The Principles of DevSecOps
As a Solution Architect here at xMatters, an Everbridge Company, and through my 30-year career in the IT industry, I’ve seen many frameworks offering bold new ideas. CMMI, ITIL, Prince 2, Agile, Scrum, and most recently, DevOps. These frameworks come and go, offering huge improvements in the way we deliver and manage our IT capabilities, but never lasting long enough to act on those promises.
That’s not to say they haven’t made a marked difference in the IT space, or that they haven’t been hugely impactful for organizations around the globe. They become launching off points for a new framework, and now there’s a new term that’s appeared, DevSecOps.
Is this just another framework that will come and go? Promise so much, but not deliver? Well, that’s down to us.
What is DevSecOps?
To provide a definition of DevSecOps that is true for everyone would be misleading. DevSecOps means something slightly different to everyone, it’s unique to the people who use it. So instead of asking “what is DevSecOps?” instead we should be asking, why?
Why demands of us one answer, the value of DevSecOps. Why should we implement DevSecOps? Why is it important to me, you, our customers, and our businesses? There are two key reasons.
- Reducing Risk
Reducing risk comes from the ability to close the gap between security, business, and IT. Instead of focusing on a static set of rules that we must follow, DevSecOps focuses on risk awareness and creating an action plan for integrating security early and frequently. This approach often has proven business results and is easier to implement for all businesses because of its flexibility.
It also reduces risk through an iterative approach. This means dealing with the high-risk elements right away, the moment we identify something that’s of extreme risk to our organizations, we face it head-on.
- Creating Trust
At the end of the day, we’re responsible for protecting corporate and personal data. Customers need to have trust in our processes to protect their data, and one of the ways we can do that is through visibility. By transparently showing that you’re GDPR secure, or have specific ISO certifications, and the means in how you’ve done those things.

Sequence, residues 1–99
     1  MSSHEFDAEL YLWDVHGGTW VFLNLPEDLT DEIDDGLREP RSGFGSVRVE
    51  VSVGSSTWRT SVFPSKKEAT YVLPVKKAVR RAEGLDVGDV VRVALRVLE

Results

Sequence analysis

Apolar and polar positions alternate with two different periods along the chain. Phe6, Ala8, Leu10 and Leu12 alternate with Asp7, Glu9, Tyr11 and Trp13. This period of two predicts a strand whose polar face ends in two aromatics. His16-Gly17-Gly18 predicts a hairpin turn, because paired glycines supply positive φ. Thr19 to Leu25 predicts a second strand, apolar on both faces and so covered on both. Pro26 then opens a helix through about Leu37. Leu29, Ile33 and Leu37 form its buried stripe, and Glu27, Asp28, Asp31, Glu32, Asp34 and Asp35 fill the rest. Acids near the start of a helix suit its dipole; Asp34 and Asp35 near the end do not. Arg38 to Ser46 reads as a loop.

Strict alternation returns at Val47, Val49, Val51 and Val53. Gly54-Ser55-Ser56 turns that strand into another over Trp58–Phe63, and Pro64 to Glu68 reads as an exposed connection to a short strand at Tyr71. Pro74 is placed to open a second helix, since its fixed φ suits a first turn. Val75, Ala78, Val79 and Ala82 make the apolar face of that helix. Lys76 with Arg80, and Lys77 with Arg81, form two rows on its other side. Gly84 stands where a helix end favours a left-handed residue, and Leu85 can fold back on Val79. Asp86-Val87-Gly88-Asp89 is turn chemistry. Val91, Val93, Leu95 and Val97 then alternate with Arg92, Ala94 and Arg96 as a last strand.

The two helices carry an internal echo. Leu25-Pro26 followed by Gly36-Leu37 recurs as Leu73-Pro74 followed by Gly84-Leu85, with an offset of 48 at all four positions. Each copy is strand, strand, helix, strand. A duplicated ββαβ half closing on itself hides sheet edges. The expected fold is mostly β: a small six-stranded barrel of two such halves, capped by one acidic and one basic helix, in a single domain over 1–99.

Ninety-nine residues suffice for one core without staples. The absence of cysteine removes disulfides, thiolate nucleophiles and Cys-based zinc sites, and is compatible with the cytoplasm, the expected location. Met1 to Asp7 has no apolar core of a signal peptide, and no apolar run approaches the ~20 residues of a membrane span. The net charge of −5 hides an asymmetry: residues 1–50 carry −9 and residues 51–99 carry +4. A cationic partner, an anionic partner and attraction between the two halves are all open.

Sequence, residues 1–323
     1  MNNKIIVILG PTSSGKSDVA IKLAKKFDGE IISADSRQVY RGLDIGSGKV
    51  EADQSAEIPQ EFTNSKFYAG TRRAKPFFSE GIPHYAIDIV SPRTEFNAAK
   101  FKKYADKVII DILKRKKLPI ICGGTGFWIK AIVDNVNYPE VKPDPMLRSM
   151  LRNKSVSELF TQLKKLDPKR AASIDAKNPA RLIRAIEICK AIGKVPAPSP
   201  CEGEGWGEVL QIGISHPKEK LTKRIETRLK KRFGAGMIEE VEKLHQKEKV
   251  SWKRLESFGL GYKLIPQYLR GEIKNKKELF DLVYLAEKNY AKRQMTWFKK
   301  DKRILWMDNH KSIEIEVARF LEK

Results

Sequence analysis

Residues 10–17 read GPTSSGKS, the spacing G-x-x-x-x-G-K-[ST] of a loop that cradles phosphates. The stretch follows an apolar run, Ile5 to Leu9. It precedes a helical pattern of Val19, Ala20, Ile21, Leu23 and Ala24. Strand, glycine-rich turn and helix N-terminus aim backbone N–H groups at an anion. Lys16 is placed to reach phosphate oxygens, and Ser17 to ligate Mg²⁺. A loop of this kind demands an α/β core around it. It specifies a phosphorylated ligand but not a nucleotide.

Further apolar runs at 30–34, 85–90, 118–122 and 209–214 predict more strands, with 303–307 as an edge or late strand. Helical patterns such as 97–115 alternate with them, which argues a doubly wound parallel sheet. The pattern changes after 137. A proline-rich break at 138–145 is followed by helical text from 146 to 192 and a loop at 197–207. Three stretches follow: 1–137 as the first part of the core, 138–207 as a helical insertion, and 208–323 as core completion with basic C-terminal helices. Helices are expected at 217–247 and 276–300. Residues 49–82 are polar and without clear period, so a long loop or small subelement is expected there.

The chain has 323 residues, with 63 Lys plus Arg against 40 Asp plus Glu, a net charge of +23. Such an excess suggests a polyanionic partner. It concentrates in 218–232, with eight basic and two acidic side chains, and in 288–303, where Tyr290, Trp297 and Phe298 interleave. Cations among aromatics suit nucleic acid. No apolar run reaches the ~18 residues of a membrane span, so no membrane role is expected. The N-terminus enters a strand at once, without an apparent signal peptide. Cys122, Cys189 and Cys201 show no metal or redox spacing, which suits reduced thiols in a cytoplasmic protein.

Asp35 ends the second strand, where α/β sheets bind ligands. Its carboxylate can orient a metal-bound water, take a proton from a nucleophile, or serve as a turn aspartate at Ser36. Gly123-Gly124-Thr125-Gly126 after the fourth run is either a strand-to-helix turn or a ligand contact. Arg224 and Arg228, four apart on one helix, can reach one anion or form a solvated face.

There’s an oxymoron that with security comes secrecy, but it’s through openness and sharing that we can improve security in a DevSecOps world.
What DevSecOps is Not
It’s important to know what DevSecOps is not, so let’s bust a few myths.
- DevSecOps is not about applying more layers of security. In truth, DevSecOps must remain lean and not add additional toil or work in the chain.
- DevSecOps is not establishing a dedicated security team (that would be creating another silo, see point #1 above). In truth, it’s about a collaborative approach of including security into teams to help shift the way we think.
- DevSecOps is not a big transformation project. Any transformation should be made based on an iterative, risk-based backlog
- DevSecOps is not compromising ROI. Too often, implementing security is seen as an additional cost. But, implementing security should add value, not remove it.
The CALMS method
The CALMS framework is an important basis for DevOps, put forward originally by Jez Humble and his peers, and it applies just as much to DevSecOps.
Culture – is what underpins everything around DevOps. It’s about inclusion, having a safe environment, a collaborative organization without siloed walls. And it’s true still when you include security, having a safe environment where people can question, test, and innovate around security.
Automation – the automation of security in testing and delivering monitoring systems through observability. This is extremely important, and one of the easier elements to implement, but must be done in tandem with all of the other elements.